Electronic Flora of South Australia
Electronic Flora of South Australia
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Electronic Flora of South Australia species Fact Sheet

Family: Caprifoliaceae
Sambucus nigra

Citation: L., Sp. Pl. 269 (1753).

Synonymy: Not Applicable

Common name: Common elder.

Deciduous shrubs or small trees rarely exceeding 3 m tall, much-branched, woody, usually glabrous; leaves with a petiole 2-5 cm long, with all leaflets never deeply divided; leaflets stalked, ovate to broadly elliptic, 4-8 x 2-5 cm (rarely more than twice longer than broad), abruptly constricted into a petiolule and into a beaked or an acute apex, with serrations in the upper two-thirds, densely arranged, glabrescent.

Inflorescences terminal, corymb-like, cymose, with 4 or 5 major branches, repeatedly branching but not always in a dichasial manner; bracts scale-like; calyx lobes 5, ovate, c. 1 mm long, rounded, glabrous; petals shortly connate, white; lobes oblong-obovate, 2-3 mm long; stamens 5, the anthers usually shorter than the filaments; ovary usually with 3 cells each with 1 ovule, ridged, with 3 short stigmas on a short broad style.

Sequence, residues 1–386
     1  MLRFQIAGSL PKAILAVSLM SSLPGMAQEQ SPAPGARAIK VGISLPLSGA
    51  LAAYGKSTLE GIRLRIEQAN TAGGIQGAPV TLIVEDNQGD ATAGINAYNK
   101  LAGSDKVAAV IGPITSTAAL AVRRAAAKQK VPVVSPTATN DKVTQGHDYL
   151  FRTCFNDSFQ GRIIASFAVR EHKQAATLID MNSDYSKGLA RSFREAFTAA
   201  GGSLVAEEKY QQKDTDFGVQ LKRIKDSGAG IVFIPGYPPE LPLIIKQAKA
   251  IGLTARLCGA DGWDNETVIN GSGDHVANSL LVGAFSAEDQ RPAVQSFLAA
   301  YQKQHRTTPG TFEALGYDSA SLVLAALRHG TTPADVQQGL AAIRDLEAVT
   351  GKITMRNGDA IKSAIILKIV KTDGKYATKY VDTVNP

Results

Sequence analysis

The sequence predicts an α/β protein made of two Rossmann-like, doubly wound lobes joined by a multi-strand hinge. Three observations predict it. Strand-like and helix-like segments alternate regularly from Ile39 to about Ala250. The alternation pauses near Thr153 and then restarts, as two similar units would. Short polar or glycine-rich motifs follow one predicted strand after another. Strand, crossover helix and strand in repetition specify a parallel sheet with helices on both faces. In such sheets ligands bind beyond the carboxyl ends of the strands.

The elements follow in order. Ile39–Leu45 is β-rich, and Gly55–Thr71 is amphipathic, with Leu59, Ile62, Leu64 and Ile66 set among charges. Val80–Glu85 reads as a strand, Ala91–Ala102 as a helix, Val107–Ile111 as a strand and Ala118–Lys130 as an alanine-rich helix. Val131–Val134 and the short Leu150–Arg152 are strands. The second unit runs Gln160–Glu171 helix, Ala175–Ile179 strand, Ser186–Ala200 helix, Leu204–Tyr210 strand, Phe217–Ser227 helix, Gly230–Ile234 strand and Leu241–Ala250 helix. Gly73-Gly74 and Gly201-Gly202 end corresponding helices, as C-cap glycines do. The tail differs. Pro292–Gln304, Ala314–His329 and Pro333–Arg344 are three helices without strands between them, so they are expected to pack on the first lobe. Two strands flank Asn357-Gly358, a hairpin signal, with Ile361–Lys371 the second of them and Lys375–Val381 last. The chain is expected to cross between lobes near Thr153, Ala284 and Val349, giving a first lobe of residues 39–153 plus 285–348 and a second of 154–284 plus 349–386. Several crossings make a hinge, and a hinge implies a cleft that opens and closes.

Fruit globular berries, black.

image of FSA3_Sambucus_nig.jpg Branch anf fruit.
Image source: fig. 617b in Jessop J.P. & Toelken H.R. (Ed.) 1986. Flora of South Australia (4th edn).

Published illustration: Ross-Craig (1960) Drawings Brit. Pl. 14:pl. 2.

Distribution:  In moist, usually sheltered areas such as along streams and in ravines.

S.Aust.: SL, SE.   N.S.W.; Vic.; Tas.   New Zealand; native to Europe and western Asia.

Conservation status: naturalised

Flowering time: Oct. — Dec.

SA Distribution Map based
on current data relating to
specimens held in the
State Herbarium of South Australia

Biology: No text

Uses: The fruits are edible and often used to make wine.

Author: Not yet available

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